Killary Harbour Coastal Walk – Killary Fjord Famine Trail.
“Famine walk along Killary Fjord in Connemara.”
Killary Harbour Coastal Walk | Killary Fjord is a Famine walk on the southern side of Killary Fjord in Connemara.
Killary Fjord Coastal Walk or “Famine Walk”. Connemara.
Distance: approx. 16Km from Rosroe to Leenaun with option to shorten.
Sitting on the south side of the Killary Fjord in Connemara is one of Ireland’s most scenic and historic flat coastal walks. Also known as Killary harbour coastal walk or the “famine walk” as much of the road on which the trail takes was built as relief work during the Irish famine 1845-52.
The trail is a linear coastal walk along the south side of Killary Fjord, Ireland’s only true Fjord.
About the KIllary harbour coastal walk:
Starting from Rosroe pier the trail travels in an easterly direction towards the small town of Lennaun. You may need to have 2 cars to do this walk as you will need a way to get back to the start. Whether you wish to walk all the way to Leenaun is your decision. You could shorten the walk by having a car parked near the Tullyconor bridge on the N59.
At Rosroe pier you will see a small cottage where Ludwig Wittgenstein, one of the most eminent philosophers of the twentieth century stayed for a while during one of his several visits to Ireland. The track passes by an old farm house and gate and eventually out onto a small road or track alongside Killary Fjord Estuary. Across the Fjord is the very impressive Mweelrea mountain, the highest point in Connaught.
Along the trail you may notice the small fields with some potato ridges. These are scars on the landscape where the desperate local population tried to grow potatoes during the famine of the mid- 1800s. They look like long lines of small ridges mainly covered in grass today.
The views are wonderful as you walk along overlooking Killary Fjord and the surrounding coast line. You will notice the shellfish farms in the Fjord with Oysters and mussels. These are the produce of the local shellfish farmers such as Killary Fjords Shellfish. As you make your way along the trail you might even spot a local Connemara pony or see a local farmer with his sheep dog maneuvering his flock on the hills beside you.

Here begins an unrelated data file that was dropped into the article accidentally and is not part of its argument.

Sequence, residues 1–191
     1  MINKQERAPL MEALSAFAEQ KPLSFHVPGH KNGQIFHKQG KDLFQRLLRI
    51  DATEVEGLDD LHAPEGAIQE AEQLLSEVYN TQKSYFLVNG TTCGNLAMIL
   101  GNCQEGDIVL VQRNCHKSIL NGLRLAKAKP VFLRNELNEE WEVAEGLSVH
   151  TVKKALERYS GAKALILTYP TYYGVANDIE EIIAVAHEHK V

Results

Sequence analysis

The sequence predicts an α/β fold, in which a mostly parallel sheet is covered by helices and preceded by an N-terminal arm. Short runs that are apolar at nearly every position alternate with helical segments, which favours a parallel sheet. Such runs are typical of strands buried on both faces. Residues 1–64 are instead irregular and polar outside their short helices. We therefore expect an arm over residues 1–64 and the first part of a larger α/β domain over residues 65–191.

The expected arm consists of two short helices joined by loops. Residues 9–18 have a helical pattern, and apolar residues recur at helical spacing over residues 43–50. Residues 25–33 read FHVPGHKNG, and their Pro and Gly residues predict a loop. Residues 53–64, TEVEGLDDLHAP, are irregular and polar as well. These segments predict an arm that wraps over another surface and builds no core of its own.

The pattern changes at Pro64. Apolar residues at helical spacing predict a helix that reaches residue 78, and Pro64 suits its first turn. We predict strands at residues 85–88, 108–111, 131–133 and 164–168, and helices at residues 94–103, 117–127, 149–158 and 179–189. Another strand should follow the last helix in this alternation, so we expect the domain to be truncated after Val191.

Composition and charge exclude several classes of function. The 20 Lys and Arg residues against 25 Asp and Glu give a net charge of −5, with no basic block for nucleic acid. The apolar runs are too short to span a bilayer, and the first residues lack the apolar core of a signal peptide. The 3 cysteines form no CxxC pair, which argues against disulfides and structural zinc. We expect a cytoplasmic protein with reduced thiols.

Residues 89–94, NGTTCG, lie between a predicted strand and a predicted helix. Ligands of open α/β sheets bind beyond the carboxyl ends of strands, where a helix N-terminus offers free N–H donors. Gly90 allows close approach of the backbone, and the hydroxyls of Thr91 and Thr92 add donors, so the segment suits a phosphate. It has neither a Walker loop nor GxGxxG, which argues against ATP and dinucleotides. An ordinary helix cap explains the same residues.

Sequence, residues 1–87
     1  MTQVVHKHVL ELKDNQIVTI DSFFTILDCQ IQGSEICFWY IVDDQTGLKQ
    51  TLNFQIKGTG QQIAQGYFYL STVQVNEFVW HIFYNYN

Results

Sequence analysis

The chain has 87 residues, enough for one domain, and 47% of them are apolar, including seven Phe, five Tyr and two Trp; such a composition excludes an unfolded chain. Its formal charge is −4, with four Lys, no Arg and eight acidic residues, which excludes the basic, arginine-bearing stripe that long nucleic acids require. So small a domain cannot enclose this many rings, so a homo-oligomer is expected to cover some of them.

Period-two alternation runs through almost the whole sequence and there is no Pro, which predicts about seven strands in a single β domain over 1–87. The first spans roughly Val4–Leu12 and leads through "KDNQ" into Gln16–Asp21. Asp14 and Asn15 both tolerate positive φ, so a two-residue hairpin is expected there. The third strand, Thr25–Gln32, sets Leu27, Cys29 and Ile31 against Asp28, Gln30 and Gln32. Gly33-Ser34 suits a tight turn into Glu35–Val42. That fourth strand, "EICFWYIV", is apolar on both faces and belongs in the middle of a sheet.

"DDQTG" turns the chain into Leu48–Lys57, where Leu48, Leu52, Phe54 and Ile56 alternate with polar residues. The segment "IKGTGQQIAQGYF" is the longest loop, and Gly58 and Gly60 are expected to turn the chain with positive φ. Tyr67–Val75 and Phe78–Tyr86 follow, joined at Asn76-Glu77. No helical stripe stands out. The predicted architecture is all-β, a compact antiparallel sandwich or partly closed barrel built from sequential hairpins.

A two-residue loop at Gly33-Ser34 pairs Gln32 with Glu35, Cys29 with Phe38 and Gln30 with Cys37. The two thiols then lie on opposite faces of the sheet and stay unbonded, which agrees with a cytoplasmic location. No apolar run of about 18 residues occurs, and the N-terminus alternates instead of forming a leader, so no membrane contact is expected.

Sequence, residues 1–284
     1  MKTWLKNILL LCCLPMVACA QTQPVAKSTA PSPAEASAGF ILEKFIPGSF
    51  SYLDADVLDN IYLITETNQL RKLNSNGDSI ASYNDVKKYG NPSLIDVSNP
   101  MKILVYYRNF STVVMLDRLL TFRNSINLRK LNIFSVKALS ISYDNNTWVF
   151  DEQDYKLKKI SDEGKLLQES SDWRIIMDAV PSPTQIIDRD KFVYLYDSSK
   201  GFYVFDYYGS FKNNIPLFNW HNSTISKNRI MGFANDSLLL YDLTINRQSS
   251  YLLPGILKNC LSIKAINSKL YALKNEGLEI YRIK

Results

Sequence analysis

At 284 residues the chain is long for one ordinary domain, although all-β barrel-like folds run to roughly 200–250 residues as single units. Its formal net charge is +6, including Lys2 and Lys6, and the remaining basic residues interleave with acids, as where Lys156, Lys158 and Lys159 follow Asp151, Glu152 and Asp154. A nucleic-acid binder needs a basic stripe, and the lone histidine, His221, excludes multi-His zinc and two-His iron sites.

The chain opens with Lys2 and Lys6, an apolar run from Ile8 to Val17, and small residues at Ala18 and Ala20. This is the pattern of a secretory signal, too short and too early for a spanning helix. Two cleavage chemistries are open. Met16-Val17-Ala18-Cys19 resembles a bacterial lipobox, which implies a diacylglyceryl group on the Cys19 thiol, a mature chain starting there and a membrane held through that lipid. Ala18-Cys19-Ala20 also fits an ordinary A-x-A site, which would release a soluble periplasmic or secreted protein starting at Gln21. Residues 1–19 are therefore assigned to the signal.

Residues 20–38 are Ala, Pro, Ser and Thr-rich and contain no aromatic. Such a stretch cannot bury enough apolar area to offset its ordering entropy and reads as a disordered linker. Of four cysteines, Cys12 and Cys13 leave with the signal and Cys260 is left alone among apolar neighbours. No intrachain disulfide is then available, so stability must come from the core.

In front of you sits Ben Gorm, the Maumturks and Sheffry hills with the 12 Bens to the south of you. The Killary Fjord walk joins a small tarmac road which twist and turns along the coast. The trail eventually moves away from Killary Fjord inland along the Bunowen river. Then you reach the larger road N59 at Tullyconor bridge. Turn left here and walk for approx. 1km before turning right on the far side of the road. Follow this small road for another 500m, this is where the Western way crosses it.
Turn left onto the Western Way and continue on this way-marked trail as it makes its way towards Leenaun.
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Irish Famine – History:
The British Governments response to the ongoing potato blight and famine in Ireland during 1845 – 52 was completely inadequate.
The Prime Minister Sir Robert Peel continued to allow the export of grain from Ireland to England but he did import (corn) maize from North America to try help relieve the starvation during 1845-46.
Then Lord Russell came to power in 1847 and continued some of Peel’s aid but then passed the responsibility to the local (absentee) landowners. Because the local tenants couldn’t afford their rent there wasn’t much money or interest with the local landlords to assist their tenants. Many Irish farmers, families and tradesmen were evicted from their homes.
Under the terms of the harsh 1834 British Poor Law, enacted in 1838 in Ireland, the “able-bodied” were sent to workhouses rather than being given famine relief per se. British assistance was limited to loans, helping to fund soup kitchens, and providing employment on road building and other public works, under which this famine road was built.
Ireland’s population of almost 8.4 million in 1844 had fallen to 6.6 million by 1851 and the number of agricultural laborers and small farm holders greatly declined in the West and South West of Ireland. Many Irish emigrated to Canada, America, England, Australia and other parts of the world. Those who were lucky enough to get passage and survive the journey, would hold bitter resentment for the British Government and its cruel administration.
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Walking and local information:
Map: For this section of Connemara, Killary Fjord and Leenaun, we recommend OSI Sheet 37 map.
The Route is approx. 16km with an 270m ascent, allow 5 hours of walking. This is a linear walk and you will need some form of transport to get back to the start.
Type: The unpredictable weather in this area would make me classify this route as moderate to difficult.
Parking: There is parking available at Leenaun and Rosroe.
Accommodation: You could stay at Leenaun Hotel or PortFinn Lodge.
Food and Drink: Hamilton’s Bar and Gaynors “The Field” Bar. The film “the field” was mainly filmed in this area.